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de.NBI Cloud Tübingen

Welcome to the de.NBI Cloud site Tübingen. In the following we will give you a basic introduction how to use our cloud site.

General concept of the de.NBI Cloud Tübingen

A cloud like the one you will use here can be seen as computing resources which are available on demand. You can get much more compute cores (CPU), main memory (RAM) and also storage capacity than you have available on your own work station. The de.NBI Cloud Tübingen provides you the mentioned resources as an infrastructure (IaaS). The available resources are used by starting Virtual Machines (VMs) on the provided computing machines. You can start different virtual machines with different Linux based operating systems (OS) which consume different kind of resources. The VMs can be customized on your own to fit your needs in the best way. What you get is a computing infrastructure where you can run calculations or simulations with a flexible amount of resources in your own computing environment (VM).

Login

You need to apply for a login for https://denbi.uni-tuebingen.de.

The cloud site in Tübingen consists of two sites that are called RegionOne and RegionTwo. The two regions offer different resources. RegionOne offers low memory CPU nodes and high memory CPU nodes. RegioTwo offers medium memory CPU nodes and GPU nodes (NVIDIA V100). Also the storage components of these two regions are divided but have the same capabilities. Depending on which region your resources are please switch to the specific region. Per default RegionOne is chosen after the login. If you need to change to RegionTwo click on the RegionOne button in the upper left corner of the browser window.

Please note, you are responsible for everything that happens with the virtual machines (VMs) you deploy! We as resource provider are not liable for anything and do not give any guarantees.

Operating Systems

Here, we are talking about the operating system of your notebook or workstation, not the one of the VM. If you are a Linux User, we assume that you know what you are doing. If you are using MacOS you are hopefully aware that it is based on BSD and therefore very similar to other Linux distributions.

For a normal Windows user, we suggest using Putty (http://www.putty.org/) to access the deployed VMs. It comes with ‘puttygen’ which should be used to generate your SSH Keys.

SSH-Keys

To access your VMs, a valid SSH key pair is required. On all UNIX based operating systems ‘keygen’ may be used to create a key pair. A Linux command example is given below:

ssh-keygen –t rsa

Please note, keep your private key as private as you would do it with your credit card PIN number. We will never ask you to share your private key.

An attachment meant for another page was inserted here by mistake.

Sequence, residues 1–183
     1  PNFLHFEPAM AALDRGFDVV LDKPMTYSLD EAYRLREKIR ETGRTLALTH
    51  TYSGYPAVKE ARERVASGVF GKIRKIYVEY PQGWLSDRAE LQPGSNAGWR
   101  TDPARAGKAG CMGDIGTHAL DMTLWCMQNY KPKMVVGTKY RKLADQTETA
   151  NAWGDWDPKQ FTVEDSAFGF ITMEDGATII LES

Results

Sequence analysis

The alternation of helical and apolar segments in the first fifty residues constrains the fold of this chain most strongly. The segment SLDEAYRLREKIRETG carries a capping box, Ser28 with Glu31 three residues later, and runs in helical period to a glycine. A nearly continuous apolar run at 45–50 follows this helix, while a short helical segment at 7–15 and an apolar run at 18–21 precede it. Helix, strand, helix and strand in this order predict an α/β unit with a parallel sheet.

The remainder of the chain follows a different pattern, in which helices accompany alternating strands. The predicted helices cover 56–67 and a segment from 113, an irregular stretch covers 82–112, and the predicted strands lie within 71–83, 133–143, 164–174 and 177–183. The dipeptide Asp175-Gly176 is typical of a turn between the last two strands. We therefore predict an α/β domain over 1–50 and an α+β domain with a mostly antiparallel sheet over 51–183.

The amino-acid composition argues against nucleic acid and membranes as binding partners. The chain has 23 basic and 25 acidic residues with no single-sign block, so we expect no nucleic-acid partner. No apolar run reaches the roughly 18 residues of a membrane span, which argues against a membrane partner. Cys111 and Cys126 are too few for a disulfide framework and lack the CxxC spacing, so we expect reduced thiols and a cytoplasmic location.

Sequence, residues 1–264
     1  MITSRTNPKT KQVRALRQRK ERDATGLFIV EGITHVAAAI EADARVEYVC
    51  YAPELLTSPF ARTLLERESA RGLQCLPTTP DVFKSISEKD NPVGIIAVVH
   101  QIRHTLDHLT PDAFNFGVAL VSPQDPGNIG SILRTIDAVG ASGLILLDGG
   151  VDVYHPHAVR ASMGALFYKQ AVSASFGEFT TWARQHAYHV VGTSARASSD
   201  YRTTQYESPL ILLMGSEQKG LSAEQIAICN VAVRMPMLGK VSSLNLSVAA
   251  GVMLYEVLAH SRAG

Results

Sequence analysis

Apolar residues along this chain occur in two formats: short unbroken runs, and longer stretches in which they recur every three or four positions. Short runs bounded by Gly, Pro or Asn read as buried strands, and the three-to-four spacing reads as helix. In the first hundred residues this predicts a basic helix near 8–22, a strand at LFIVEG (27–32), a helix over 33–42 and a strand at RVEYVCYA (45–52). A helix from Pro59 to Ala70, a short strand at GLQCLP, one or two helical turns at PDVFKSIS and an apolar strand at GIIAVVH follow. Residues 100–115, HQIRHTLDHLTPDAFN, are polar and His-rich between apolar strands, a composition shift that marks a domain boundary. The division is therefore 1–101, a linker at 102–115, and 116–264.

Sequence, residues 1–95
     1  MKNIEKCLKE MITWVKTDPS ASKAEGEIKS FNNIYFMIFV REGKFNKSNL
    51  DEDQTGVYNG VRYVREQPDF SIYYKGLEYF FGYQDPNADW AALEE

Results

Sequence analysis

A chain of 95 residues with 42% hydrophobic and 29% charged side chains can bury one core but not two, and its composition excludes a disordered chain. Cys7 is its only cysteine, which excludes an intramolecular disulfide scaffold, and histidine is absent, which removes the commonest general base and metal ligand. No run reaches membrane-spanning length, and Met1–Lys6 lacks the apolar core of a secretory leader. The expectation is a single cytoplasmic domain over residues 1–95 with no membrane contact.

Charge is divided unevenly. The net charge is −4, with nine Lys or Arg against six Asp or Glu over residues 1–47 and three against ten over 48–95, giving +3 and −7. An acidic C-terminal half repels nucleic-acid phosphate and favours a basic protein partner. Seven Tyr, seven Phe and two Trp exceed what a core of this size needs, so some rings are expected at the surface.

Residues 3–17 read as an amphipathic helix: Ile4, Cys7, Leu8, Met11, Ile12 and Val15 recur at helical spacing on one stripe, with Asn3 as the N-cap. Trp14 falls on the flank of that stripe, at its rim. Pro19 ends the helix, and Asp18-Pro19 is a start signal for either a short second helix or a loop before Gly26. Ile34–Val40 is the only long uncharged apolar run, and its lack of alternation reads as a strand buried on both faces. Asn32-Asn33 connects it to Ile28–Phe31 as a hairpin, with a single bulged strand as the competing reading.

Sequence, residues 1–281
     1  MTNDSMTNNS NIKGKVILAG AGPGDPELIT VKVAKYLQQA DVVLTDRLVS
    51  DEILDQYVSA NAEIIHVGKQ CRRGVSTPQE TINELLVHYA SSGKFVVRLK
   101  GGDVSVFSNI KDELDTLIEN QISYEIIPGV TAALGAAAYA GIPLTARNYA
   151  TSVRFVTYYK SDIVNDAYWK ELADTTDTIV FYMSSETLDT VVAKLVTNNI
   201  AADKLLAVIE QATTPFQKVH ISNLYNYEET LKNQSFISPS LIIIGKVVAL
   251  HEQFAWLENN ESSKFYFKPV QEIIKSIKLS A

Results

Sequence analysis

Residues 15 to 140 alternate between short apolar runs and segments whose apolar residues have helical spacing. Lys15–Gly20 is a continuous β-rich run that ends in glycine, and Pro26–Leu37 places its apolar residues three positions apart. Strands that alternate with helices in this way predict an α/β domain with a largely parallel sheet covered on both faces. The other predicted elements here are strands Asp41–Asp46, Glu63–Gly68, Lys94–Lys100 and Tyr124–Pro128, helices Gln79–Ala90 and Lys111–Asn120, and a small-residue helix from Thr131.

Generating SSH Key Pair (Windows)

Start ‘puttygen’ and click on generate. You need to move your mouse cursor above the grey field to create enough entropy. Enter a passphrase, twice. Save your private and public key into separate files e.g, bla.ppk and bla.key.

Deploying a Key Pair

Login to the Horizon dashboard https://denbi.uni-tuebingen.de and navigate to Key Pairs via Project / Compute. Click on ‘Import Key Pair’ and insert your public key after giving it a name.

Launching an Instance

Navigate to Instances via Project / Compute and click on Launch Instance (upper right). The following entries for the VM are only examples, please chose the appropriate settings for your work case (Operating System (Images), Resources (Flavors)).

Details

Instance Name: 
Availability Zone: Nova
Count: 1

Source

Select Boot Source: Instance Snapshot or Images
Create New Volume: No (Otherwise launching the instance will fail !)
Allocated: Select the required OS by clicking on the up arrow

Flavor

Allocated: Select the required flavor by clicking on the up arrow

Networks

Allocated: Select the set up network by clicking on the up arrow beneath the network name

Network Ports

Leave it unchanged

Security Groups

Allocated: Select the set up network by clicking on the up arrow beneath the network name and move ‘default’ to the Available section

Key Pair

Select your key pair

Configuration

Leave it unchanged

Server Groups

Leave it unchanged

Scheduler Hints

Leave it unchanged

Metadata

Leave it unchanged

Finally launch the instance. You should see a fresh instance entry. It may take a couple of minutes to spawn the instance depending on the requested resources.

Accessing a VM

For Linux and MacOS just use ssh, specifying the correct IP, the right key and the username of the OS you have chosen for example ‘centos’. For Windows, start ‘Putty’ and enter the IP address of your VM under Hostname (or IP address). It can be found within the Horizon dashboard under Instances. An example of a Linux command is given below:

ssh –i /path/to/private/key @

An example for a centos machine with the IP 1.2.3.4 would be:

ssh –i /path/to/private/key centos@1.2.3.4

If you need x-forwarding for graphical user interfaces don’t forget to set the –X flag and check if the xauth package is installed on the host and the server and the x-forwarding settings are correct. For Windows user we suggest to use xming (https://sourceforge.net/projects/xming/).